Reconfirmation of FCC Chairman Should Not Fall Victim to Partisanship

Late Tuesday, Senate Majority Leader Mitch McConnell filed for cloture on the reconfirmation of Federal Communications Commission Chairman Ajit Pai. Of course, in today’s divisive political climate, what should be a straightforward reconfirmation of a respected public official will likely become a flash point for those who disagree with him.

At the National Grange, we have had the privilege of working directly with Pai on a number of telecommunications issues that directly affect the lives of millions of Americans, and particularly those in rural communities. We have witnessed firsthand — and repeatedly — his commitment to inclusive policies that ensure all Americans can reap the benefits of the digital age.

In his relatively brief but accomplished nine-month tenure as FCC chairman, Pai has shown a clear commitment to closing the digital divide. In his first official remarks as chairman, he said “one of our core priorities going forward should be to close that divide.” One week later, Pai announced the formation of the Broadband Deployment Advisory Committee. This committee, which includes representation from the National Grange, has been tasked with providing recommendations to the commission on how to accelerate the deployment of high-speed internet access. Such recommendations will include removing regulatory hurdles to infrastructure investment so that the 28 percent of rural households that lack adequate, high-speed internet service will have new options to connect.

A larger vision, the “Digital Empowerment Agenda,” lays out a road map for how Pai approaches the digital divide faced by many rural Americans. Released in September 2016 while he was still a commissioner, the agenda encompasses a number of points that are designed to bolster broadband access in remote communities for “every American who wants it.”

The FCC – and even Congress – is now executing on this plan, including Pai’s proposed “Gigabit Opportunity Zones.” Inspired by former Housing Secretary Jack Kemp, the zones are designed to promote broadband network deployment in both rural and urban communities through a host of incentives including financial incentives for providers, streamlining state and local policies, and offering tax credits for entrepreneurs to take advantage of these networks and to create new jobs. Recently, the proposal inspired bipartisan legislation from Sens. Shelley Moore Capito and Chris Coons as well as Rep. Doug Collins, which sets the chairman’s idea into motion.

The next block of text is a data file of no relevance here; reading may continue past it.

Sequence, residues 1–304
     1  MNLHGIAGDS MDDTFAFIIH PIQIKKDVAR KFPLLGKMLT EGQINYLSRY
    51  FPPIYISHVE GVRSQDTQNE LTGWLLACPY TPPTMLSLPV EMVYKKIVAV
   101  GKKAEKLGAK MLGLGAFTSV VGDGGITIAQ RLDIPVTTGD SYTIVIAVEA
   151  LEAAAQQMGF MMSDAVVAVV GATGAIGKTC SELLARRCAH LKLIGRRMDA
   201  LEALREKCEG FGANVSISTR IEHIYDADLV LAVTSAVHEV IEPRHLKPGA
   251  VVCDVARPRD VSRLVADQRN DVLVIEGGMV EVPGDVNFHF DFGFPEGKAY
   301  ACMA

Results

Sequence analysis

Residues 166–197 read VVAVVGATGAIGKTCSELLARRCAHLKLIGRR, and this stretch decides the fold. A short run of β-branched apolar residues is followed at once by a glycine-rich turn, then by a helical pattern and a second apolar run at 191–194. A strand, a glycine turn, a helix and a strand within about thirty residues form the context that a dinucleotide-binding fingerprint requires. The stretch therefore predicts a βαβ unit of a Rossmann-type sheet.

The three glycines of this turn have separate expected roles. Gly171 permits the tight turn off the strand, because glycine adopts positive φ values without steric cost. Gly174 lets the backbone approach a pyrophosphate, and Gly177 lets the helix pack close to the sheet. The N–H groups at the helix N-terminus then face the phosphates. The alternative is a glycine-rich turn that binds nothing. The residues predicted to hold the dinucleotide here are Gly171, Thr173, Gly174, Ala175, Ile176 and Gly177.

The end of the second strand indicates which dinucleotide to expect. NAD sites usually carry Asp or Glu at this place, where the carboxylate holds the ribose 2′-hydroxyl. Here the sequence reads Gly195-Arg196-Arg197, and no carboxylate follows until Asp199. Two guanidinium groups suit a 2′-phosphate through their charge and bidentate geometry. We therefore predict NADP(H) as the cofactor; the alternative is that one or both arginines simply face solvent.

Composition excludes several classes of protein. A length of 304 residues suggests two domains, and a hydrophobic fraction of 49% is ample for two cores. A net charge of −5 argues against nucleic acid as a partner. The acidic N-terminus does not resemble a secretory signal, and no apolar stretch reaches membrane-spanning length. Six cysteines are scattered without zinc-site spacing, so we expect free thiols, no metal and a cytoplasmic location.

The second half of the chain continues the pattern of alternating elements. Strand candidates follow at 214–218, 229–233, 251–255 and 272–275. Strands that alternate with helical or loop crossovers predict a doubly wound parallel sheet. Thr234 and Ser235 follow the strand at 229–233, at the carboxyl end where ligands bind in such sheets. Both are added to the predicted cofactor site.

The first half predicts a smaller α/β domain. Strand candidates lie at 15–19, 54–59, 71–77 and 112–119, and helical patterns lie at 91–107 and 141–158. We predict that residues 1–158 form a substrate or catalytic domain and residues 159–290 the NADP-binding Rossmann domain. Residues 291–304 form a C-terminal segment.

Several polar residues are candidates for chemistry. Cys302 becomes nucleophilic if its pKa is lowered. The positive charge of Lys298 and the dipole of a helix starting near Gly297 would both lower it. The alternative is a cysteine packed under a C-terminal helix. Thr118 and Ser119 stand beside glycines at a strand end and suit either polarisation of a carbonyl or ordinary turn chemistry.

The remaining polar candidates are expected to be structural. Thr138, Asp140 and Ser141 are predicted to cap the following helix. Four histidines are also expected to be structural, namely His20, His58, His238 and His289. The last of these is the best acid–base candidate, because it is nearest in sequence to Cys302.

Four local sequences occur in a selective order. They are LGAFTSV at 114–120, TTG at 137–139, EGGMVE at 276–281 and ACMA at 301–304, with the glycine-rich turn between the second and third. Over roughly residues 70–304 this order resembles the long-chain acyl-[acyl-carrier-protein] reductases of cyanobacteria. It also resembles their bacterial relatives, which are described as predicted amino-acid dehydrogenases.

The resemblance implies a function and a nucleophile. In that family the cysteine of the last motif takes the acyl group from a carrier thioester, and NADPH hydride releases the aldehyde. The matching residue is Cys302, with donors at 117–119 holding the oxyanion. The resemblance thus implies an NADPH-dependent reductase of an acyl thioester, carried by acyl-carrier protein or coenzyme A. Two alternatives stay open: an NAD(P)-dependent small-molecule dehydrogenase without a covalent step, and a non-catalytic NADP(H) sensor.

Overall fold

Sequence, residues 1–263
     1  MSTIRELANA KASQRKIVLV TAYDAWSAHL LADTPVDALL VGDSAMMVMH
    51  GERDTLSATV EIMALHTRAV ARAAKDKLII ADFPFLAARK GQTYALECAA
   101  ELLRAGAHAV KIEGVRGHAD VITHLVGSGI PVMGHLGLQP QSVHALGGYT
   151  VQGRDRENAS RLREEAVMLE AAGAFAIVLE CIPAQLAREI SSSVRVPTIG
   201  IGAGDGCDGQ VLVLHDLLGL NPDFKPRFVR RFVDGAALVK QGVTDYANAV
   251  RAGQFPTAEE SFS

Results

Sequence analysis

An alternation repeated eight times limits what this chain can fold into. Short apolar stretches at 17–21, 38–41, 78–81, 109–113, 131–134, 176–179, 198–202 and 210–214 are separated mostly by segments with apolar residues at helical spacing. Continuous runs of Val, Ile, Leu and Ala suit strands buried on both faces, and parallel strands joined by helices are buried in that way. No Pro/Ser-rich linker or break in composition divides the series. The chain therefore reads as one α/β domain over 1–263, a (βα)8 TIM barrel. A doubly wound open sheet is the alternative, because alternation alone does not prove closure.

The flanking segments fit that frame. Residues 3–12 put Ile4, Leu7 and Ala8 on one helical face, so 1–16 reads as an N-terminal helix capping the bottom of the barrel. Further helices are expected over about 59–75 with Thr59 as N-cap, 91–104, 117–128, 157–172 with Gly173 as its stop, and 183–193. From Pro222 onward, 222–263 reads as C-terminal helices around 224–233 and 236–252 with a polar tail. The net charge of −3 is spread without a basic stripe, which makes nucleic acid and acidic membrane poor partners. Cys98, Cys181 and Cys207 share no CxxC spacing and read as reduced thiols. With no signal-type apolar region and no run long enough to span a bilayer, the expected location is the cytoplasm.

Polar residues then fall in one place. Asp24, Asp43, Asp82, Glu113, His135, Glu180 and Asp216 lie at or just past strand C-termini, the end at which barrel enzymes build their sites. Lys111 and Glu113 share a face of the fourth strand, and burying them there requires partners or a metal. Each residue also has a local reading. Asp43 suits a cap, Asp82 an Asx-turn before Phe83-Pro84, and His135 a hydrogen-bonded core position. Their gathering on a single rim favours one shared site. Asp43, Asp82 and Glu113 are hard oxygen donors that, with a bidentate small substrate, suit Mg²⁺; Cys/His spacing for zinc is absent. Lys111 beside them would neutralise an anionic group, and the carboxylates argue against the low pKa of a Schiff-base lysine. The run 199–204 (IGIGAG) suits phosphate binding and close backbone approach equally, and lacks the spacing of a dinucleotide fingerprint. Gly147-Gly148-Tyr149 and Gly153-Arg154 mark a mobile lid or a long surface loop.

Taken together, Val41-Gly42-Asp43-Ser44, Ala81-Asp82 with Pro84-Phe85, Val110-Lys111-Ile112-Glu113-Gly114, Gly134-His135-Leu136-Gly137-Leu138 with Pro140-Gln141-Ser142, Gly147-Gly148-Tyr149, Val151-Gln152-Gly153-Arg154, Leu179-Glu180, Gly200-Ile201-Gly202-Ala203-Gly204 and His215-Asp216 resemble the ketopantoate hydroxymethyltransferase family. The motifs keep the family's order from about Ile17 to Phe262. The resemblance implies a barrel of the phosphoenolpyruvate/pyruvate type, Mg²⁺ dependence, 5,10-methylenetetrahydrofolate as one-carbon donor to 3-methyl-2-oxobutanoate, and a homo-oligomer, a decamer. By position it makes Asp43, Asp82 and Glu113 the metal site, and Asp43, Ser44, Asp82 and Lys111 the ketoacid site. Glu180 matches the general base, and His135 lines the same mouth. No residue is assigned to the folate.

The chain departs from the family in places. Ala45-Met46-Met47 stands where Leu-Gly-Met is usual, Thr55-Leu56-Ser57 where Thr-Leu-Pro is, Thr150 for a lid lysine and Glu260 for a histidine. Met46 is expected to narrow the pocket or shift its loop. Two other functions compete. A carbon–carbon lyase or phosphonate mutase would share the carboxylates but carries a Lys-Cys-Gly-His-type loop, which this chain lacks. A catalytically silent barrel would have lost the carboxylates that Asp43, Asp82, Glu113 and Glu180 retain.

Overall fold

In another attempt to boost broadband deployment, this FCC also adopted a successful public-private partnership framework known as the “Mobility Fund,” which is designed to invest over $4.5 billion in the next decade on build out of 4G LTE wireless service in rural and Tribal parts of the U.S. Approximately 575,000 square miles in the United States still lack adequate 4G access, but with this initiative, these removed areas will benefit from $453 million in annual support.

In his first 100 days alone as chairman, Pai demonstrated he was ready to come to work for the American people. Nine months later, that promise still holds true. As the U.S. Senate prepares to vote on Pai’s reconfirmation, they should keep in mind his track record of accomplishments. They should remember his priority to travel to all parts of the United States near and far (4,000 miles just this year on road trips), and meet face-to-face with Americans from all walks of life to better understand their needs and the challenges they face. And they ought not to forget the widespread support he received when former President Barack Obama nominated him to serve as an FCC commissioner.

Pai deserves credit and respect for being a public official committed to doing what’s right, even in the face of backlash fueled by divisiveness. We at the National Grange support his reconfirmation to enable him to continue the effort to fully deploy equitable broadband service to rural America.


Betsy Huber is the president of the National Grange.

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